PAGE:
The Washington Apple Commission is responsible for marketing fresh Washington apples in more than 30 countries around the world, as well as acting as the go-to resource for apple information domestically. We delivered a new, beautifully branded website worthy of our state’s most famous export.
Modernizing a heritage brand and amping up onsite engagement.
We added eye-catching elements while dialing into a longstanding brand reputation.
WAC has been a core part of the Washington apple community since the 1930s. We didn’t want to ditch the long history of the organization, but absolutely wanted to give them a contemporary digital presence.
The primary typeface across the site is evocative of WAC’s logo that’s been in play since the 1980s, and the serif font and deep green palette emphasize the homegrown, hand-picked nature of the industry — what’s more down-to-earth than apples? We balanced that heritage vibe with giant, juicy photos of the fruit, plus fresh splashes of color and nifty interactive moments, like quiz cards and a scrolling ticker across the homepage. The curved type paths on a few of our homepage content blocks provided a fun development challenge — since the site is translated from English into a variety of languages, we needed to make sure the design would work with a range of character types, text lengths, and reading from right to left. Pretty fun.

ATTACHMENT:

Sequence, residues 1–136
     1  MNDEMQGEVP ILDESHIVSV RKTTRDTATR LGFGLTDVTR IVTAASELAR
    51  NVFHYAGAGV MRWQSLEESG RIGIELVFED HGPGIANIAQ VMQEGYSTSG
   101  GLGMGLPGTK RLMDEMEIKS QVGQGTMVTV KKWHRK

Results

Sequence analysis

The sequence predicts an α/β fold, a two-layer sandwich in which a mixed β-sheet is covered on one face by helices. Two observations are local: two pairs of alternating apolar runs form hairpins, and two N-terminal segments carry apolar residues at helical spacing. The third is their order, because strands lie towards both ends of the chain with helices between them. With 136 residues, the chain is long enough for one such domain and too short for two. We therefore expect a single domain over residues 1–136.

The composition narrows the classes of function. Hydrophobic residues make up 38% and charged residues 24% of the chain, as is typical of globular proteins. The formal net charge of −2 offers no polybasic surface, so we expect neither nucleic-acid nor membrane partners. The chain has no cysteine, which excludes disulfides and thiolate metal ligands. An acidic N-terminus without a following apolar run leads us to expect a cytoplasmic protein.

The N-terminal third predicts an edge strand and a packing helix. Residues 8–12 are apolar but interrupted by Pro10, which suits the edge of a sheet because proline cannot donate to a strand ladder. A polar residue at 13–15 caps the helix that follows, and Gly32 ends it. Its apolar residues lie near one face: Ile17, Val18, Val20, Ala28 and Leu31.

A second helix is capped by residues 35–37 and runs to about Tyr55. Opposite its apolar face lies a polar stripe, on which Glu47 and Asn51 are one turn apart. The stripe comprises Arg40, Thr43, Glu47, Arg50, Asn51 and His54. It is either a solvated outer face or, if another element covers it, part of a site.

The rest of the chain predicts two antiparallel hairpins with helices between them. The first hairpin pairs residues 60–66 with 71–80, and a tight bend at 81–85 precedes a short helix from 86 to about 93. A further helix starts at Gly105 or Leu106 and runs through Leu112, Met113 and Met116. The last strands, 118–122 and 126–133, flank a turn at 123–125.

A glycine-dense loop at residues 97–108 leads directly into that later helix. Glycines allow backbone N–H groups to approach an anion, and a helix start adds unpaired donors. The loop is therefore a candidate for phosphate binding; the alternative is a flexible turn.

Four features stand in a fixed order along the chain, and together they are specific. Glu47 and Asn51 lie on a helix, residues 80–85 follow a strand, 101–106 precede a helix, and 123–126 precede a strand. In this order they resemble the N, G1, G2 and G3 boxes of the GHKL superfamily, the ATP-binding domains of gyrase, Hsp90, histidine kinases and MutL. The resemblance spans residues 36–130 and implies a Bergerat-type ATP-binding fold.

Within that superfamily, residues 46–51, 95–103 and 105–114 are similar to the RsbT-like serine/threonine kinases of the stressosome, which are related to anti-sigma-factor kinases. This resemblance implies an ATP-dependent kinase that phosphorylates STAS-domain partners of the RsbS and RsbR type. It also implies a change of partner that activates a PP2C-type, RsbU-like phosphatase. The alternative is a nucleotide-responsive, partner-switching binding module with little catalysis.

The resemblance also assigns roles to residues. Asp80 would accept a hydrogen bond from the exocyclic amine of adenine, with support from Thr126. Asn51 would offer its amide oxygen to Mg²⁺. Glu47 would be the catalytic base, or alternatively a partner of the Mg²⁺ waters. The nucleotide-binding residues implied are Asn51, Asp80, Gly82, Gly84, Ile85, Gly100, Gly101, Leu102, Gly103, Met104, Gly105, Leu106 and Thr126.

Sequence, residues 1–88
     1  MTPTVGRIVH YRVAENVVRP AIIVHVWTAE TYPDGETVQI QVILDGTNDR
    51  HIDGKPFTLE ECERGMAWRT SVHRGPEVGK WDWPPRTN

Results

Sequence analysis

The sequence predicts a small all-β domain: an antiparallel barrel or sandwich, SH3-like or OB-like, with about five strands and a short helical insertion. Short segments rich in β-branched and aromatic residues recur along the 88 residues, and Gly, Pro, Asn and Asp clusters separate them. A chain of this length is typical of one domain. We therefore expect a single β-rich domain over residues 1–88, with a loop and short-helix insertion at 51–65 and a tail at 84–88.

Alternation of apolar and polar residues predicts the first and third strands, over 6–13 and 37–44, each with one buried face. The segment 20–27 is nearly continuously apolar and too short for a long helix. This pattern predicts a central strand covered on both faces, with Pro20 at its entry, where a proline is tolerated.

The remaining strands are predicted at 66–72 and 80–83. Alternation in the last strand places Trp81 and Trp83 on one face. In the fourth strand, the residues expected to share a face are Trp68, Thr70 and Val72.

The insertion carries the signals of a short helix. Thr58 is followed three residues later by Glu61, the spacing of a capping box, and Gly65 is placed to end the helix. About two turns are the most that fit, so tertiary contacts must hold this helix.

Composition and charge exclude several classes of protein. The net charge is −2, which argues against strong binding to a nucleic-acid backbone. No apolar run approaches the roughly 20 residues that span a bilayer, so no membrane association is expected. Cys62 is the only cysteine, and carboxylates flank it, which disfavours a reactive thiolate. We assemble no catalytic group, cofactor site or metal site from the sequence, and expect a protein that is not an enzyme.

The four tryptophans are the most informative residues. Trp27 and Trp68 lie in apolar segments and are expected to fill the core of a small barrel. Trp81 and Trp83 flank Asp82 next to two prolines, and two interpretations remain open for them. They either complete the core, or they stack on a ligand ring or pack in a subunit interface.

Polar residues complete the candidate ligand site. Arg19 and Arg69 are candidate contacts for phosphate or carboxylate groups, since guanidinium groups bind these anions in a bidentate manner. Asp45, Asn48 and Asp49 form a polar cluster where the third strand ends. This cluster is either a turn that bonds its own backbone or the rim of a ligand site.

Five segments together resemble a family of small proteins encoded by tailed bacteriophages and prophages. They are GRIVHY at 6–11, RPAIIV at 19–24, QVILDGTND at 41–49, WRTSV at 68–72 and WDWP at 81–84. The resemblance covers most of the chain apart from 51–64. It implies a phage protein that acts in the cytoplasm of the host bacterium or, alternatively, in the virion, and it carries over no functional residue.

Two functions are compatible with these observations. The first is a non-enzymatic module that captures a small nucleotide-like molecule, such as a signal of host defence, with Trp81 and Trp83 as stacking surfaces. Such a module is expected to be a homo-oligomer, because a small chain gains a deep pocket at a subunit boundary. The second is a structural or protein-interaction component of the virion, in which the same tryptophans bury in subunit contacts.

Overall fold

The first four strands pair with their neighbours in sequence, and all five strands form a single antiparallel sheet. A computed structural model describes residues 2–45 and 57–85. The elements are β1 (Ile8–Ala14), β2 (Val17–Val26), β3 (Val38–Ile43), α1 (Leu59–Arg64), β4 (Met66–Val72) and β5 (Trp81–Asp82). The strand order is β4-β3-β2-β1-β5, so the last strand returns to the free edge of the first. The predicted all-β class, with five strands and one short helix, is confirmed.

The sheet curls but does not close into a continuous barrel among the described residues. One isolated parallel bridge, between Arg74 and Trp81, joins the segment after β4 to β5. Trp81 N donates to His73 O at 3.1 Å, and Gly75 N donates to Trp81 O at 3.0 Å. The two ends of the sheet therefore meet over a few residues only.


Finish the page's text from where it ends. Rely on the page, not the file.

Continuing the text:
Combining content created more compelling experiences.
WAC wanted a website that was simple to manage, but also allowed for more functionality than their original WordPress build. We agreed. We craved a more robust on-page experience across each category of WAC’s content, as opposed to what felt like a collection of one-off pages.
We designed and built the database in WordPress so that content was more interconnected and ultimately more engaging for the user. Now folks exploring the types of Washington apples can also see which apples are the sweetest, or the best for pie — and all WAC has to do is check a box for each apple in their WordPress dashboard. Likewise, recipes can be quickly tagged and sorted, and grower stories are based on what apple growing region they live in.